The Pyramid Scheme Myth

To continue with the theme of Social Security’s admirable structure as an approach to funding middle class retirements, it’s important to tie this in with the pyramid scheme allegation.

Imagine a society with no Social Security, and also no imprudent or short-sighted people. Everyone puts a healthy share of their annual income away in a savings vehicle, and everyone manages to retire on a decent income. Thanks to the ups and downs of the financial markets, there’s a certain inefficiently noisy quality to the income of retired people, but due to the magic of infinite prudence the problem is very manageable. Now imagine that demographers are predicting a one-time demographic adjustment in the ratio of old people to non-old people in the population. This will lead to a decline in the rate of economic growth, and therefore to the expected return on investment. Either workers will need to start increasing their savings rate, or else they’ll need to accept lower living standards when retired. In other words, they’ll face the exact same choice we currently face in the form of higher taxes or lower benefits. Of course people could try to compensate for lower expected returns by engaging in riskier investment strategies, but we’re talking about a perfectly prudent population.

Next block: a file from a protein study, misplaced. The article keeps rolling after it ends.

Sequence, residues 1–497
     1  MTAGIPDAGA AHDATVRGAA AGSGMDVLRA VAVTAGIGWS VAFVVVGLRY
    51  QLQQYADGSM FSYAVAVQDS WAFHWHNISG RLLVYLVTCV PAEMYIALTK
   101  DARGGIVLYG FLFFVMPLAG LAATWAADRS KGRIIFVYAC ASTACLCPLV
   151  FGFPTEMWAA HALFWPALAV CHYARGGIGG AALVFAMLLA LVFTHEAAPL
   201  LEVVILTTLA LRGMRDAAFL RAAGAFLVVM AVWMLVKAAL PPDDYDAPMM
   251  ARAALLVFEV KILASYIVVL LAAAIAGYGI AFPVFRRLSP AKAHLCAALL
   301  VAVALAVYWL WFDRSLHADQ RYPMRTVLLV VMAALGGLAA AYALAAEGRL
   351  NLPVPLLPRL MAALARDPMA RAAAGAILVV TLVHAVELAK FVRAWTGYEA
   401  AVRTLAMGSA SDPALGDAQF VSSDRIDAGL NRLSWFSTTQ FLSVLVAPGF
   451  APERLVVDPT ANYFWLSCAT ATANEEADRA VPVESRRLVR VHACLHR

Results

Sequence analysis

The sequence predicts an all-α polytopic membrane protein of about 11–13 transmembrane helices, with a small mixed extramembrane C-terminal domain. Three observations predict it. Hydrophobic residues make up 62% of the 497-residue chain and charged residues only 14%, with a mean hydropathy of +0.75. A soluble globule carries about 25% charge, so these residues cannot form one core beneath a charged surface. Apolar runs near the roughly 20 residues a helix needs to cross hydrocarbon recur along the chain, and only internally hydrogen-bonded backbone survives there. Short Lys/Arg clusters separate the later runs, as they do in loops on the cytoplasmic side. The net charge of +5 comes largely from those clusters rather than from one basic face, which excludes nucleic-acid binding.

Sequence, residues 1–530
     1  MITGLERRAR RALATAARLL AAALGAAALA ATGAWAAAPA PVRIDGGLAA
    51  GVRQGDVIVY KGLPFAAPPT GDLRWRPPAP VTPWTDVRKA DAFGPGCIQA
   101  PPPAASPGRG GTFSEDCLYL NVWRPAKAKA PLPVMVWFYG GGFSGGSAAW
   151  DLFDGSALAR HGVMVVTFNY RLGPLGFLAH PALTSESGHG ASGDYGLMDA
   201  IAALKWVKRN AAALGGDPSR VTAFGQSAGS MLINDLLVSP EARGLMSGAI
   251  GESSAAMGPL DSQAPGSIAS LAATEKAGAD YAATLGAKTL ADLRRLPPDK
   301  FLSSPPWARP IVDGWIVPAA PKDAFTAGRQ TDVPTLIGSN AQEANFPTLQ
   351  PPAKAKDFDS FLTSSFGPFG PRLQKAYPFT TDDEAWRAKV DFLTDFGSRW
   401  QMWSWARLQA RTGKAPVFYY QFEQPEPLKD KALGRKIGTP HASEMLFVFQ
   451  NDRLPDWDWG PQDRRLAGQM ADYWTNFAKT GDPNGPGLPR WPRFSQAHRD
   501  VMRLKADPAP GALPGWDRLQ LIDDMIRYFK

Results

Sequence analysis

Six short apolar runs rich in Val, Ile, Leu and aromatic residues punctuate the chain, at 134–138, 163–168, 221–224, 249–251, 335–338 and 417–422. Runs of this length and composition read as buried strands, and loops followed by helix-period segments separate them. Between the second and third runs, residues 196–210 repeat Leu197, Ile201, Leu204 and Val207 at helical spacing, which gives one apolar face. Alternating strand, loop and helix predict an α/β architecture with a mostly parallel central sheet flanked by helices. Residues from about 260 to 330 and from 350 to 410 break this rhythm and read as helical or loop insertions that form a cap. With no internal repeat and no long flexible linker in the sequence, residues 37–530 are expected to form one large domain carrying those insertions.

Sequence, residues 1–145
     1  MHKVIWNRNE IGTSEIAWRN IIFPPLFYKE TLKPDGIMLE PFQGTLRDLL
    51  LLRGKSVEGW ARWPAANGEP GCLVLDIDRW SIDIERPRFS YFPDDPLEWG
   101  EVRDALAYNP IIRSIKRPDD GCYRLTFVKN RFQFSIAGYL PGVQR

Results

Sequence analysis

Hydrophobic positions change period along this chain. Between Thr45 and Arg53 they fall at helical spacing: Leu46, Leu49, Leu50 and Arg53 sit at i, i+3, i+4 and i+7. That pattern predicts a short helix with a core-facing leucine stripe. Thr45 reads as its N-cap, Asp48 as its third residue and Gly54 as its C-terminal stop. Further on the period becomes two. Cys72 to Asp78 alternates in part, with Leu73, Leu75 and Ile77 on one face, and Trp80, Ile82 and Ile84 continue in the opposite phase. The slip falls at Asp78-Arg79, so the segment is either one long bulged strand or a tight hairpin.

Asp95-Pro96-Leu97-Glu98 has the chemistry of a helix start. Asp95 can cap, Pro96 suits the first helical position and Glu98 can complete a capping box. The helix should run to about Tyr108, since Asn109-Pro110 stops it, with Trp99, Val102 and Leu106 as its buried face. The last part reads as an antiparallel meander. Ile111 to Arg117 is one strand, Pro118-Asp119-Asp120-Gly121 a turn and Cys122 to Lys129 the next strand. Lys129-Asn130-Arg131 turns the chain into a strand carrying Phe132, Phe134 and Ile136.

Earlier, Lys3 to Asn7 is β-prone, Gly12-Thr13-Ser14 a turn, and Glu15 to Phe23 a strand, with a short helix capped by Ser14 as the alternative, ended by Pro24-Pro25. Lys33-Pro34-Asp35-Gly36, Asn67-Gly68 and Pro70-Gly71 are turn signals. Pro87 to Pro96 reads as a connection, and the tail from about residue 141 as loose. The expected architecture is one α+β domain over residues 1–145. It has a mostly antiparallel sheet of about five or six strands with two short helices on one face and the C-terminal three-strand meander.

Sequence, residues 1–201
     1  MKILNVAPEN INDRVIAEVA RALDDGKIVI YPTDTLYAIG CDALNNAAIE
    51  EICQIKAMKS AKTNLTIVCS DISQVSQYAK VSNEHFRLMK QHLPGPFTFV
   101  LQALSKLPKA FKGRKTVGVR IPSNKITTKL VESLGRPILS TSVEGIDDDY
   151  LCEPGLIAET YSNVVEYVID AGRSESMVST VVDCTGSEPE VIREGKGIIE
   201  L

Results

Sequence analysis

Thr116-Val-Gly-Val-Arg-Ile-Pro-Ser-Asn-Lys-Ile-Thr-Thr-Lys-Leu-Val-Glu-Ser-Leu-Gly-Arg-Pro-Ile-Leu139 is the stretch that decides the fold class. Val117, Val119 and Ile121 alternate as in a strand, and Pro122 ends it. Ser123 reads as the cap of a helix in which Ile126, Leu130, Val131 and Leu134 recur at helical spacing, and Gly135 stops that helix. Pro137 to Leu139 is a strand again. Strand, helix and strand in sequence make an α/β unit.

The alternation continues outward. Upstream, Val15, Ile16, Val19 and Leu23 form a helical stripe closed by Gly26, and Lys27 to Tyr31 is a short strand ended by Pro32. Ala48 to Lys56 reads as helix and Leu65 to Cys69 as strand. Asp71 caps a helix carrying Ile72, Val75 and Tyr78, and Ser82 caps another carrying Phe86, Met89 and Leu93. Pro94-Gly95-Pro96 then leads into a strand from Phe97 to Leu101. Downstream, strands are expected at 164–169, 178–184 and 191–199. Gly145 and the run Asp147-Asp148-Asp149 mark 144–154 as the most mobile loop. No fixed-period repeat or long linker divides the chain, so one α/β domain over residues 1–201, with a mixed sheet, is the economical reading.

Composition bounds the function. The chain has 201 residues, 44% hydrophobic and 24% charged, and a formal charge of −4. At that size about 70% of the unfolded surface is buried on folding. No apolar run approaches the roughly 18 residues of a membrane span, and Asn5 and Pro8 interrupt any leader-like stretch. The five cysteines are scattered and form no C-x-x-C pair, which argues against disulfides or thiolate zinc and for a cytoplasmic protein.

Under the circumstances, I don’t think anyone would be saying “saving for your retirement is a pyramid scheme—it depends on the assumption of future economic growth!” Future growth is a prudent assumption. But I also don’t think people would just be saying “well, we need to make some tough choices.” I think they’d be saying that we shouldn’t meekly accept the premise of slower economic growth. They’d be calling for more immigration, especially of high-skill people.